Understanding intraaortic balloon pumping
Lewis, Peter (2005) Understanding intraaortic balloon pumping. Kai Tiaki : Nursing New Zealand, 11(5), pp. 16-17.
Intraaortic balloon pumping (IABP) is an established treatment for the support of a failing heart (Christenson, Simonet et al. 1997). It is a process undertaken in most level two and three intensive care units. Despite IABP appearing complex, the principles are straightforward. A sausage shaped intraaortic balloon (IAB) about 250 millimetres long and 15 millimetres in diameter, is placed in the descending aorta and attached to an external pump. The external pump then inflates and deflates the IAB in synchrony with cardiac contraction. The primary purpose of this is the support of a compromised heart with a simultaneous increase in myocardial oxygen supply, and decrease in myocardial oxygen demand (Overwalder, 1999). As a nurse it is worthwhile understanding the principles of IABP. As a hospital intervention, it’s exposure to nursing is high.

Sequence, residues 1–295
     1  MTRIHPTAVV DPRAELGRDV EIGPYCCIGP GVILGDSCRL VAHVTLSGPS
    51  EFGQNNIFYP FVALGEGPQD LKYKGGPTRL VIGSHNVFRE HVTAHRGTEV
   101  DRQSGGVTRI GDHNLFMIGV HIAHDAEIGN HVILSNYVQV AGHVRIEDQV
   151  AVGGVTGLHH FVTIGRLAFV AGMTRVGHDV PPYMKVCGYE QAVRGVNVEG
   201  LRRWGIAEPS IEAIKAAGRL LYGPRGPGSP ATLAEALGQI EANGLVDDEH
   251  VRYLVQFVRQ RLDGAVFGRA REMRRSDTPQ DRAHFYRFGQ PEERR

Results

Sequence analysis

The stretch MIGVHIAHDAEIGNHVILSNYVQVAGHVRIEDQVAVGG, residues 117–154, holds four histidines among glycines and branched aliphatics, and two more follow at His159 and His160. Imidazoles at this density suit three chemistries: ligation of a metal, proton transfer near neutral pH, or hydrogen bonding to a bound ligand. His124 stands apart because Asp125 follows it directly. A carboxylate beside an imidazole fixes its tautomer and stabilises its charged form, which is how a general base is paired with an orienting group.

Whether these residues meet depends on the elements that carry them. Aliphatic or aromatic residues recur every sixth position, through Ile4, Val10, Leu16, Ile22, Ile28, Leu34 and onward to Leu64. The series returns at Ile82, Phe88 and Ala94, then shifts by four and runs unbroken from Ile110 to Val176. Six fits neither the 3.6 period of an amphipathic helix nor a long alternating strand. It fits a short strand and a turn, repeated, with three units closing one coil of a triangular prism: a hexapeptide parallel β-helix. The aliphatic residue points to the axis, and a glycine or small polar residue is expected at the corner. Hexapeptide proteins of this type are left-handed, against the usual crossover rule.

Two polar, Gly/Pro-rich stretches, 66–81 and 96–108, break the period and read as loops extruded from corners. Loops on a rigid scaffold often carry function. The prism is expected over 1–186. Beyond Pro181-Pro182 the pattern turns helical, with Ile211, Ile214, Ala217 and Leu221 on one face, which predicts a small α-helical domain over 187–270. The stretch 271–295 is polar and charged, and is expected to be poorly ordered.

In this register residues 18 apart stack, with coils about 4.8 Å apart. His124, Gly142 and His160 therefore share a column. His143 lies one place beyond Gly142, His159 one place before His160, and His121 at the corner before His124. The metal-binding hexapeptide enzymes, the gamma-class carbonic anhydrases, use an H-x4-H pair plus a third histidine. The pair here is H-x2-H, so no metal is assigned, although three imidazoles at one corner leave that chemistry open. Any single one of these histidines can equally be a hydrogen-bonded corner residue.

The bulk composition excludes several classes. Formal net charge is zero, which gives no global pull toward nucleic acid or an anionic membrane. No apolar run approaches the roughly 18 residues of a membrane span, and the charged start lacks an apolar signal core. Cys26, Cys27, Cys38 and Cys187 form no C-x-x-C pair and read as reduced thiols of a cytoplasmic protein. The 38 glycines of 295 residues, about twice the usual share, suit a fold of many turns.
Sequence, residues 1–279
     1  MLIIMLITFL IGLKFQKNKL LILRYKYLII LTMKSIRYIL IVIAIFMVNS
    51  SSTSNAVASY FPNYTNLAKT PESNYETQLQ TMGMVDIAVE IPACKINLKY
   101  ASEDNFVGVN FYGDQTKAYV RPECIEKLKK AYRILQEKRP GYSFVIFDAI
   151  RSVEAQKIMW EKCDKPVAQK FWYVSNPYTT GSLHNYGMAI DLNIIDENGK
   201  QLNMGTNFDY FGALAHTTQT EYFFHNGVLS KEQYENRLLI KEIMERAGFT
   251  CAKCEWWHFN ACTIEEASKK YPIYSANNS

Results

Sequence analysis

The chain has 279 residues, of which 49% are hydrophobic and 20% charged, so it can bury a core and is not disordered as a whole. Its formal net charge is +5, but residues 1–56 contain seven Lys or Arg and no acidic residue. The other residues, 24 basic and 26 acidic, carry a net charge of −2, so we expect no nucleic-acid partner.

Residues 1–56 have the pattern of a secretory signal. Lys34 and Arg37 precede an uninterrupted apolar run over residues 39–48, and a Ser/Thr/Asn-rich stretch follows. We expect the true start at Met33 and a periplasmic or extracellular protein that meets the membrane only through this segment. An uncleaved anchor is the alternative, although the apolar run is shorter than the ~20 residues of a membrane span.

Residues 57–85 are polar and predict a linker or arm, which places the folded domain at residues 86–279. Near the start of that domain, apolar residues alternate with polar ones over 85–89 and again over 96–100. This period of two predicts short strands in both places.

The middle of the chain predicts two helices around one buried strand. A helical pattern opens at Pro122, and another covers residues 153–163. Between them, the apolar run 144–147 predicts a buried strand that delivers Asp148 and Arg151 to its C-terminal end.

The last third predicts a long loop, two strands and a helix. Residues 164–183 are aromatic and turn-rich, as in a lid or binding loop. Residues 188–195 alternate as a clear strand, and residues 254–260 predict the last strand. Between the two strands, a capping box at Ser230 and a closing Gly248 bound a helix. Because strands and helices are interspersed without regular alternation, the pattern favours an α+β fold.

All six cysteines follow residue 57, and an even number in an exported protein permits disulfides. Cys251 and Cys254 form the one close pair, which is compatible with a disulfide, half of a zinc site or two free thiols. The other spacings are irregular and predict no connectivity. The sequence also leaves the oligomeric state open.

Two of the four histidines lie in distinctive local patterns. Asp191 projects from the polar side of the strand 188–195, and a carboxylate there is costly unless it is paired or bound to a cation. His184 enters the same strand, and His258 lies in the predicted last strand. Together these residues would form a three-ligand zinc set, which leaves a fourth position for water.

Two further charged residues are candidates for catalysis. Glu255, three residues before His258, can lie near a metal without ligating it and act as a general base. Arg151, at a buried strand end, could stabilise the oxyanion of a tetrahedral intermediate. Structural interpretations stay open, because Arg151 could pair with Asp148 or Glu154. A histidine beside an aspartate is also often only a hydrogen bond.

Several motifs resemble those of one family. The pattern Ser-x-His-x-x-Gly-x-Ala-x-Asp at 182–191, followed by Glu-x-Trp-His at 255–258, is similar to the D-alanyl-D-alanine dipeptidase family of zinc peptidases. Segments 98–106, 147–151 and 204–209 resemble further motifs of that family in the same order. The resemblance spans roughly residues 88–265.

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|Item Type:||Journal Article|
|Subjects:||Australian and New Zealand Standard Research Classification > MEDICAL AND HEALTH SCIENCES (110000) > NURSING (111000)|
|Divisions:||Current > QUT Faculties and Divisions > Faculty of Health
Current > Schools > School of Nursing
|Copyright Owner:||Copyright 2005 New Zealand Nurses Organisation|
|Deposited On:||24 Aug 2011 22:10|
|Last Modified:||01 Apr 2014 01:56|
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